The U.S. Digital Service, also known as the White House Startup, faces a challenge: it needs to hire tech employees. But it’s not as simple as recruiting a swath of talented engineers. Recruits need the right attitude, mindset, and work experience; they must be willing to move to Washington D.C. for a temporary (3 month to multiple year) tour; and they must also be willing to take a pay cut. But there’s one thing about USDS that they believe attracts those talented few: the mission sells.
And some powerful political influencers are catching on to that. Senator and Democratic presidential candidate Kamala Harris has introduced a bill to broaden the ripple effect of the U.S. Digital Service. If enacted, the Digital Service Act of 2019 would both double down (well, triple) the existing U.S. Digital Service’s funding over the next 8 years to $50 million annually, and allocate $15 million annually to expand the program to state and local governments.
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Yesterday, I caught up with the always passionate USDS Administrator Matt Cutts and the Director of the Defense Digital Service Chris Lynch to talk about USDS’s goals and thoughts on the expansion of the U.S. Digital Service. Of course, as a non-partisan project funded by the federal government, the team isn’t able to comment on pending legislation, nor was it involved in the drafting of the Kamala Harris bill. But funding, expansion, and local efforts are something the Service is always mindful of.
Overall, the USDS operates with a “let’s work ourselves out of a job” kind of mentality. The team of about 180—led by Cutts, Lynch, and other seasoned tech leaders—has taken on some of the most complicated, backlogged, inefficient processes in government. Cutts said he can envision an expansion where the Service could help other agencies and departments. Giving USDS a more powerful budget could allow it to recruit more efficiently.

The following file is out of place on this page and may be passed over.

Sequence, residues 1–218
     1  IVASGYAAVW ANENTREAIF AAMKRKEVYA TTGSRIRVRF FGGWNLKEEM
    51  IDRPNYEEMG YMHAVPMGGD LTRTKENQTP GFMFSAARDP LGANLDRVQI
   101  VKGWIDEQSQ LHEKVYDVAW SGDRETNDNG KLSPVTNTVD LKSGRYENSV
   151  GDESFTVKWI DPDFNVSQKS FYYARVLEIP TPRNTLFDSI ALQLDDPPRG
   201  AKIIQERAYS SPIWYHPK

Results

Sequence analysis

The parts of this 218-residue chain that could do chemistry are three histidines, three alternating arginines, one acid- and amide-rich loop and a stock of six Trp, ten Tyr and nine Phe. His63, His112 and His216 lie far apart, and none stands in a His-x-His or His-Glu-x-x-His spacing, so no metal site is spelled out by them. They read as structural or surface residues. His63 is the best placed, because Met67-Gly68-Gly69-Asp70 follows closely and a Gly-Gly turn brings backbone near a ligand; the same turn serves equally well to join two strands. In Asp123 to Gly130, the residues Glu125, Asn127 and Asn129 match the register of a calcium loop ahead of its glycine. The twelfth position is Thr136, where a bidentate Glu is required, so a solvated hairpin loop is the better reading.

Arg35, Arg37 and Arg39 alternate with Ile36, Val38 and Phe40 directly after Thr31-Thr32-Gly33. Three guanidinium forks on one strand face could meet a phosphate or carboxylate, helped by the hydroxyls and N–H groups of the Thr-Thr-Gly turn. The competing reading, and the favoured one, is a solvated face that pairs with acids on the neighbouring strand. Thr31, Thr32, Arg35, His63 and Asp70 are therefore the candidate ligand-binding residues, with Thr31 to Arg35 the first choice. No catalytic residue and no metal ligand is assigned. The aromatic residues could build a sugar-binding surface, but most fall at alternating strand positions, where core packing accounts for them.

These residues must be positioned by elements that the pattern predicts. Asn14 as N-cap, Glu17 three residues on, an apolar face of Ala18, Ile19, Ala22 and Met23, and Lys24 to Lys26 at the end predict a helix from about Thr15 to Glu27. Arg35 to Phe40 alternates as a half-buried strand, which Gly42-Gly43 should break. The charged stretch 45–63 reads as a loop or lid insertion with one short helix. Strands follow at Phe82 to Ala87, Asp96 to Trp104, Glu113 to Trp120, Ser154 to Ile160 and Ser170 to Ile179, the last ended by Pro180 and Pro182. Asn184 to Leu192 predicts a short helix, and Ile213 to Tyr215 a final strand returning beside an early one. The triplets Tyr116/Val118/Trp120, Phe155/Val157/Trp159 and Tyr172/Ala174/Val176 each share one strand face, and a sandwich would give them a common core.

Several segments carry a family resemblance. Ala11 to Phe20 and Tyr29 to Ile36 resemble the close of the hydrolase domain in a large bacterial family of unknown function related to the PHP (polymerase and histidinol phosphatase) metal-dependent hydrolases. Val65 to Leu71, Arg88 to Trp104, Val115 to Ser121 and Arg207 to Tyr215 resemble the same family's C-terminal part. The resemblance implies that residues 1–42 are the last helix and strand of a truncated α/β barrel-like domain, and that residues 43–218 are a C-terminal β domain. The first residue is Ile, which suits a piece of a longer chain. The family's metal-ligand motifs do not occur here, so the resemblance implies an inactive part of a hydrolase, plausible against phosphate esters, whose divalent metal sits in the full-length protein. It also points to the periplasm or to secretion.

“There’s a lot of opportunity where we have a whole lot of people who want us, but that we don’t have staff for,” Cutts said. And a side effect of USDS projects is that the government wastes much less on other technology projects, according to Lynch.
While Senator Harris’s bill could help with funding and recruitment at the federal level, the bill’s goal of bringing the USDS to a government near you may prove challenging.
Having experienced the challenges that come with building the USDS, Lynch and Cutts told Crunchbase News that individual contributors and leaders hired at local levels must keep in mind the importance of delivering minimum viable products and results early. Not doing so can have long-term consequences, and governments often have a long memory for failure, unlike many born and bred in the Bay Area startup culture.
“If you hire the wrong people, they can do a lot of damage, burn bridges, and turn people off of a specific approach for 5 to 10 years,” Cutts said. Lynch echoed the same concern: “You can look at the history of state, local, and federal acquisitions, and watch what happens when we hire the wrong people to do the wrong things.”
On the other hand, Cutts said that “patience is a virtue.”
“It took us a long time at various agencies before we were able to build a working relationship,” Cutts said. But becoming advocates for non-technical agency counterparts and doing good work by making their lives and the lives of their constituents easier reaps long-term benefits—for the Service and the government.
For now, the team is hard at work finding talent that is interested in (at least temporarily) leaving behind high-paid, cushy tech-jobs. That comes down to showing them that working for the Service has long-term effects on people’s lives–more than a coffee-making robot or an email organizer ever could.
“There is nothing in the world that’s like joining a mission in which you have one goal: to change, save, or alter the course of a person’s life,” Lynch said. “And that is, at the end of the day, what I fundamentally believe the Digital Service is about.”
As for the Kamala Harris bill, whether or not it passes, it’s at least a sign that more and more individuals, on both sides of the aisle, are realizing the potential that bringing talented, tenacious techies to the government can do both for the functioning of the bureaucracy and its budget.
iStock Photo / VichanChairat